When I arrived at the farm, the battery was at 20 percent, which it said would get me about 45 miles. I used the car’s interface to search for another nearby charger and received an unpleasant surprise: the nearest charger was the one I had just left in Clara City. There was nothing else for 50 miles in any direction.

I was nervous, but I also didn’t have to drive for another 15 hours. I was staying at the farm, and asked my host if I could charge the car overnight. He led me to the barn, where I took the Volvo’s charging cable out of the trunk and plugged it into a conventional power outlet, next to a hulking John Deere combine.

The next morning, I checked the battery’s status. It had only gained 20 miles of range overnight. There was no way it was going to have enough power for me to drive back to Minneapolis.

I called Hertz and explained the situation. The customer service representative offered to send a roadside crew out to pick up the car. The tow truck arrived on time and loaded up the C40, and I caught a ride back to the city with a friend. So much for my E.V. road trip.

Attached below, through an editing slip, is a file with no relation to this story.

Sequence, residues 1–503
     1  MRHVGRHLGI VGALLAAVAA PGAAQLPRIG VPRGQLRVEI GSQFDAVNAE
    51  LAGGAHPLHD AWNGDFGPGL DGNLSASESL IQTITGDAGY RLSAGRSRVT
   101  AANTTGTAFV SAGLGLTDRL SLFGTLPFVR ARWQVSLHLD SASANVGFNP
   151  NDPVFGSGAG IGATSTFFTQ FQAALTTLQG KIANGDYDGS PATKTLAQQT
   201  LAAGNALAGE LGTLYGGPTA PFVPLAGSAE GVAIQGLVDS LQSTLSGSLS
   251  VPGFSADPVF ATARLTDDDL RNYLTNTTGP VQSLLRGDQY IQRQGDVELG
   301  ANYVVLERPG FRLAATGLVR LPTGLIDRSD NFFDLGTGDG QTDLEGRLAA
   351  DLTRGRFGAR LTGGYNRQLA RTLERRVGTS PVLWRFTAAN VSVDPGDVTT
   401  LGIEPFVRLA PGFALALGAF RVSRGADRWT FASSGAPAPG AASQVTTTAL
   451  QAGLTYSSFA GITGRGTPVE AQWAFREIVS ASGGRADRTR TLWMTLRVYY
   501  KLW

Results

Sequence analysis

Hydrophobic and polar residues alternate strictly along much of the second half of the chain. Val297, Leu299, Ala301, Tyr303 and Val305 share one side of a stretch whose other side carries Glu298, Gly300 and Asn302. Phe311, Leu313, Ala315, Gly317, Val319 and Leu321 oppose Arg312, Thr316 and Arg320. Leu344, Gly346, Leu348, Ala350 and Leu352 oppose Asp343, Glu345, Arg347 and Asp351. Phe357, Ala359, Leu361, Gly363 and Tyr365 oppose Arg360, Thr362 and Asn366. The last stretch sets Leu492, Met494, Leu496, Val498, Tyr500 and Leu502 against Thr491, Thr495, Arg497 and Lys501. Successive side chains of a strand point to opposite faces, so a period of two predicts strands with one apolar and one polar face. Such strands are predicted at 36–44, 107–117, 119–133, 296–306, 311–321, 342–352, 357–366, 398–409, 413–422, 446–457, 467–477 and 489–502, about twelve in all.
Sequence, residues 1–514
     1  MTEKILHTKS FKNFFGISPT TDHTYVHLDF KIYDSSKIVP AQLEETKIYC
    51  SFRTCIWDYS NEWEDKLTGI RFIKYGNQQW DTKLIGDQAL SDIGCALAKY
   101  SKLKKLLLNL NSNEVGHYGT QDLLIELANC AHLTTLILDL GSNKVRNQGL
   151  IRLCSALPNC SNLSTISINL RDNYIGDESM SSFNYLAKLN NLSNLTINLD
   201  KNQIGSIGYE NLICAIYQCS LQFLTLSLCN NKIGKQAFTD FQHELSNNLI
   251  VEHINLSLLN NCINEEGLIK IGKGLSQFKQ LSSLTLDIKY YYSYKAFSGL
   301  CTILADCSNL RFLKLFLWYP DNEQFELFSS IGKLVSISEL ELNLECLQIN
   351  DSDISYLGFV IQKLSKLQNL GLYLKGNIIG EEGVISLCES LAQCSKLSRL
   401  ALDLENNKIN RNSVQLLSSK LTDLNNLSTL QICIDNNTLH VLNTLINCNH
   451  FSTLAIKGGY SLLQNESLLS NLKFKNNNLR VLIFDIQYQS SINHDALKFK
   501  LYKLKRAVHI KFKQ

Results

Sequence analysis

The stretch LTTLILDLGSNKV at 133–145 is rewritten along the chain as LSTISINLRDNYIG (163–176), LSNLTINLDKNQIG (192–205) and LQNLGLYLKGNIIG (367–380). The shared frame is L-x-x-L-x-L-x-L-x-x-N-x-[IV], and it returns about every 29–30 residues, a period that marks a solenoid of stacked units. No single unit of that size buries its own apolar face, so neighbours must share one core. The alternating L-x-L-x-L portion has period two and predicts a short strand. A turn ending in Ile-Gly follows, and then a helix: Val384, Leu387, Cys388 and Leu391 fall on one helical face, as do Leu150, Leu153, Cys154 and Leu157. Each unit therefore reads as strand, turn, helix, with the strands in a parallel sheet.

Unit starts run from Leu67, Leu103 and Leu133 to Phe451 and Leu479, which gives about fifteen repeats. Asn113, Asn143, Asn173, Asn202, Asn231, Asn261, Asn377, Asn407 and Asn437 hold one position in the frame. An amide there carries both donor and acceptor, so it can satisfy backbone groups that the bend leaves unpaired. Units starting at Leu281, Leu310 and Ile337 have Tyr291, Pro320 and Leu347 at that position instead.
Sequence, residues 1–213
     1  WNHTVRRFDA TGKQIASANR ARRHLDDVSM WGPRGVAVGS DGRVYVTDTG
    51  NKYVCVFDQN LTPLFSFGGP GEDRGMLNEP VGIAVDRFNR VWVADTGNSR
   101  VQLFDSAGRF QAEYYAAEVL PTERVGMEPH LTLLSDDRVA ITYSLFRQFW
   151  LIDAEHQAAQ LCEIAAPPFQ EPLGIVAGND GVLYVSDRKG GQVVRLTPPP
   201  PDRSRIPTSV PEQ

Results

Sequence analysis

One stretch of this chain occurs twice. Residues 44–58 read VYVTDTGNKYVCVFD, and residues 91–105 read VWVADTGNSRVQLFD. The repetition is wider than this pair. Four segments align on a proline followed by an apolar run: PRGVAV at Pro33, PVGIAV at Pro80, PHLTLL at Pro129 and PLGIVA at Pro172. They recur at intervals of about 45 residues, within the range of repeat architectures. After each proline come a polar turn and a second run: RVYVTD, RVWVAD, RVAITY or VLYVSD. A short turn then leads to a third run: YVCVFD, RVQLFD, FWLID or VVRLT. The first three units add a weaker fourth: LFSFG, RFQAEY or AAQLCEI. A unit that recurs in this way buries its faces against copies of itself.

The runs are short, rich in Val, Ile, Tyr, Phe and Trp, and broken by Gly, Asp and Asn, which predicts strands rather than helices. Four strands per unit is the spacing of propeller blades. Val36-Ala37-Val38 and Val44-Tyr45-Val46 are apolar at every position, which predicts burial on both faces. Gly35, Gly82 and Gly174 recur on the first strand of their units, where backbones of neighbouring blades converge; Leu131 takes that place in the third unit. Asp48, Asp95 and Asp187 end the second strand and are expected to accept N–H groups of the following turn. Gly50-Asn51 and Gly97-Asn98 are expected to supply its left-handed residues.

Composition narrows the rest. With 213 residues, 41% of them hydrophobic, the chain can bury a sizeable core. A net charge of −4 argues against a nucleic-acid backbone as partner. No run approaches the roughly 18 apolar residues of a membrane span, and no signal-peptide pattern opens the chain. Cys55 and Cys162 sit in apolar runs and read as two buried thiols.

I’m not the first person to find myself with a low battery and few good charging options. Earlier this year, energy secretary Jennifer Granholm’s caravan struggled to find enough chargers during a road trip meant to highlight the promise of E.V.s. And among electric car owners, range anxiety is a persistent issue, for reasons I now understand.

That might have been the end of the story. But two weeks after the trip, I checked my credit card statement. There was a charge from Hertz for $702.48 emergency roadside service. I called customer service to dispute it, but the representative refused to issue a refund and declined to connect me with a manager.

By this point I had resolved to write about the situation, and reached out to the company’s media hotline for comment. A very attentive public relations person promised to issue a refund. It was the right thing for the company to do, but I fear that had I not been a New York Times reporter, I wouldn’t have been so lucky.

I’m not blameless here. I should have considered the fact that I was driving deep into farm country before opting for an E.V., and I should have checked to make sure there were fast charging stations along the way.